Employer policies and managerial reluctance: Coronavirus lockdowns across the country have forced employers and managers to adapt to large-scale telework quickly on an emergency basis, meaning these barriers are less likely relevant now than before. But general employer and manager reluctance to embrace working from home has slowed this transition. Cities and states can encourage employer acceptance of telework by providing tax benefits or other incentives for greater adoption.

Car-centered transportation policies: Our current transportation policies often incentivize driving or parking. From commuter and parking benefits to decades of outsized spending on highway infrastructure, we tip the scales toward getting behind an automobile's wheel. In other words, our transportation policies are meant to move cars rather than incentivize things, such as telework, that would take cars off the road.

We need to rethink this approach and shift toward better "Transportation Demand Management." This requires the implementation of a set of strategies aimed at maximizing traveler choices. Those strategies should include greater employer and employee incentives for telework, as well as policies designed to facilitate more walking, biking, ridesharing, vanpooling and public transportation use.

Bikeshare in Milan, October 2019. Guilhem Vellut / CC BY 2.0

That's important, because the potential gains we'd see from telework would only be sustained if that shift were paired with other policies to ensure those commuter miles aren't just replaced with other trips. We usually talk about this in relation to widening or building new highways, but when you open up highway capacity, it usually fills quickly. This is what the wonks call "induced demand." People who otherwise would have driven at a different time of day, taken a different route, taken public transportation or would have avoided traffic on the highway some other way, come back to the road. The same could happen here if additional measures aren't taken.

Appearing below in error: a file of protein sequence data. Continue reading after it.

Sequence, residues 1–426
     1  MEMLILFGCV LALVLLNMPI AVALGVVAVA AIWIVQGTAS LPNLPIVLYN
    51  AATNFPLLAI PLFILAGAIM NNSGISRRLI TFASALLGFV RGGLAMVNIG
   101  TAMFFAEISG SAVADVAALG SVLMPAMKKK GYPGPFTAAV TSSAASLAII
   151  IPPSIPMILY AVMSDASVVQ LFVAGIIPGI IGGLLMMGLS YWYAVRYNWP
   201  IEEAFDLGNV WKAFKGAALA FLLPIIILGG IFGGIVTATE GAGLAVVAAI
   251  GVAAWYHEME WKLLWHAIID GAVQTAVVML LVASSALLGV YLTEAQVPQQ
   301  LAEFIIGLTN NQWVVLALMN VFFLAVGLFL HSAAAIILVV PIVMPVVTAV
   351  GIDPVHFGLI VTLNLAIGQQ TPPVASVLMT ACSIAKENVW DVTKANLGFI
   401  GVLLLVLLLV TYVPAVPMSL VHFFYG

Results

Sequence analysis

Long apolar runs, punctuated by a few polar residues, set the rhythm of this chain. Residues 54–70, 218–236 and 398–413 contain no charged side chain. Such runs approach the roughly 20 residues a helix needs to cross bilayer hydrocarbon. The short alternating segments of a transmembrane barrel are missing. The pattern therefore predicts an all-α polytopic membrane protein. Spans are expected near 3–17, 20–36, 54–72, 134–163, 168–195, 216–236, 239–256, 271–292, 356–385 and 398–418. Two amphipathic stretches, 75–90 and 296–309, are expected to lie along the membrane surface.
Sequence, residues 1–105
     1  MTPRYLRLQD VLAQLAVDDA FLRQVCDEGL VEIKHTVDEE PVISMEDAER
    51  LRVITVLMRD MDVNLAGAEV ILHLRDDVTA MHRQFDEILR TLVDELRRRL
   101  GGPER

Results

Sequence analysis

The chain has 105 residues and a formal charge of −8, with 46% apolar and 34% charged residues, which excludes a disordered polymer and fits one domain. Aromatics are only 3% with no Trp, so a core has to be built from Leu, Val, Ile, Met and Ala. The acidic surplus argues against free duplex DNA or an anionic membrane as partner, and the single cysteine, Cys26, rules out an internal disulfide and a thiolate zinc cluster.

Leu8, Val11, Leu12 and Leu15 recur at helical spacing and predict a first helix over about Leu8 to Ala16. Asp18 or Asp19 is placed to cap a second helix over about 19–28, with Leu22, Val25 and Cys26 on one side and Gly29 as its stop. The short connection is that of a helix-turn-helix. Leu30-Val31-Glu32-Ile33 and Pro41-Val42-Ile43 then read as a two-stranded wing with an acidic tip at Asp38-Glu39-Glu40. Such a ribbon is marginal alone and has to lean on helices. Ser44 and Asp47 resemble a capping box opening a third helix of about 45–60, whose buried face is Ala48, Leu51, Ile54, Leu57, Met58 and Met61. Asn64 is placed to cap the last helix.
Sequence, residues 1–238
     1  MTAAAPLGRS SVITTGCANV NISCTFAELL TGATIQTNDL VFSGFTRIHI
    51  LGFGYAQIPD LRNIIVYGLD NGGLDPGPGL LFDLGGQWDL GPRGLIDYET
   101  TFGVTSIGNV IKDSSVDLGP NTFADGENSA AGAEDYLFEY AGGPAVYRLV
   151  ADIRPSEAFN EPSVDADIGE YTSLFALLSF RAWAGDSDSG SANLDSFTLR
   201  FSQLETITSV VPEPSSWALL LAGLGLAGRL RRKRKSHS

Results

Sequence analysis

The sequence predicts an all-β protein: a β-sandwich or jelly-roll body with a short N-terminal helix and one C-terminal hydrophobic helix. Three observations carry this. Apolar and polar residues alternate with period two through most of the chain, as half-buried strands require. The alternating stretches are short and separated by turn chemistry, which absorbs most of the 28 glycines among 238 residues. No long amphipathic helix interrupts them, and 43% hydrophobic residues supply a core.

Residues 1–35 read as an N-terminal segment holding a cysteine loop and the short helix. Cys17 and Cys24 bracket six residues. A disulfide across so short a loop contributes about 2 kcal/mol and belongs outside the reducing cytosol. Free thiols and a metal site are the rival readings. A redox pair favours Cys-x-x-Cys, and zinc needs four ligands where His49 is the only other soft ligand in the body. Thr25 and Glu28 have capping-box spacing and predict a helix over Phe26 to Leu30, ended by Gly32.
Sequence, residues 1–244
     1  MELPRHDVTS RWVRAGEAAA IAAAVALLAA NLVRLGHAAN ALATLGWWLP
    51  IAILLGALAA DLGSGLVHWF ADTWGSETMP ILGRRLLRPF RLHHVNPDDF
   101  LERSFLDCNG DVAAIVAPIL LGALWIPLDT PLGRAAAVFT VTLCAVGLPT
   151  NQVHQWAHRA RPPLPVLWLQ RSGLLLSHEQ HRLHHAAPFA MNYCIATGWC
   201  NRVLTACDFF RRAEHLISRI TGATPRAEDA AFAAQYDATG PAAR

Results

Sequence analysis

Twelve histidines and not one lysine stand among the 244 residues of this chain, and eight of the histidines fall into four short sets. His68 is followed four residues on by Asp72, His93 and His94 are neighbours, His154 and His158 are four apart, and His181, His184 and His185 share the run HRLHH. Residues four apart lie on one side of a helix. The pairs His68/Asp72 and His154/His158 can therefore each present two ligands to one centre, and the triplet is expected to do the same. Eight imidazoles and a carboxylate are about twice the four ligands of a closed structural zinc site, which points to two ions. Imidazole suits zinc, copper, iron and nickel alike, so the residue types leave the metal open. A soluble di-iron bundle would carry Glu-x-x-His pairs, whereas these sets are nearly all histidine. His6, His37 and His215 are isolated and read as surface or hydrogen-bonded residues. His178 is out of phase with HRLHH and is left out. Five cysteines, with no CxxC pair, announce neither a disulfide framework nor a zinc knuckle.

It's likely that, even after the coronavirus lockdowns are over, telework is going to become more and more common in the American workforce. As it does, the environmental benefits will be significant. In a time when climate change presents an existential threat to life as we know it and millions of people across the world are subjected to unhealthy levels of air pollution, we need to be taking an all-hands-on-deck approach to solving these problems. Telework can clearly be a significant part of the long-term solution — especially if we take further steps to maximize its potential.

Reposted with permission from The Revelator.

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Just in time for Halloween, scientists at Cornell University have published some frightening research, especially if you're an insect!

The ghoulishly named ogre-faced spider can "hear" with its legs and use that ability to catch insects flying behind it, the study published in Current Biology Thursday concluded.

"Spiders are sensitive to airborne sound," Cornell professor emeritus Dr. Charles Walcott, who was not involved with the study, told the Cornell Chronicle. "That's the big message really."

The net-casting, ogre-faced spider (Deinopis spinosa) has a unique hunting strategy, as study coauthor Cornell University postdoctoral researcher Jay Stafstrom explained in a video.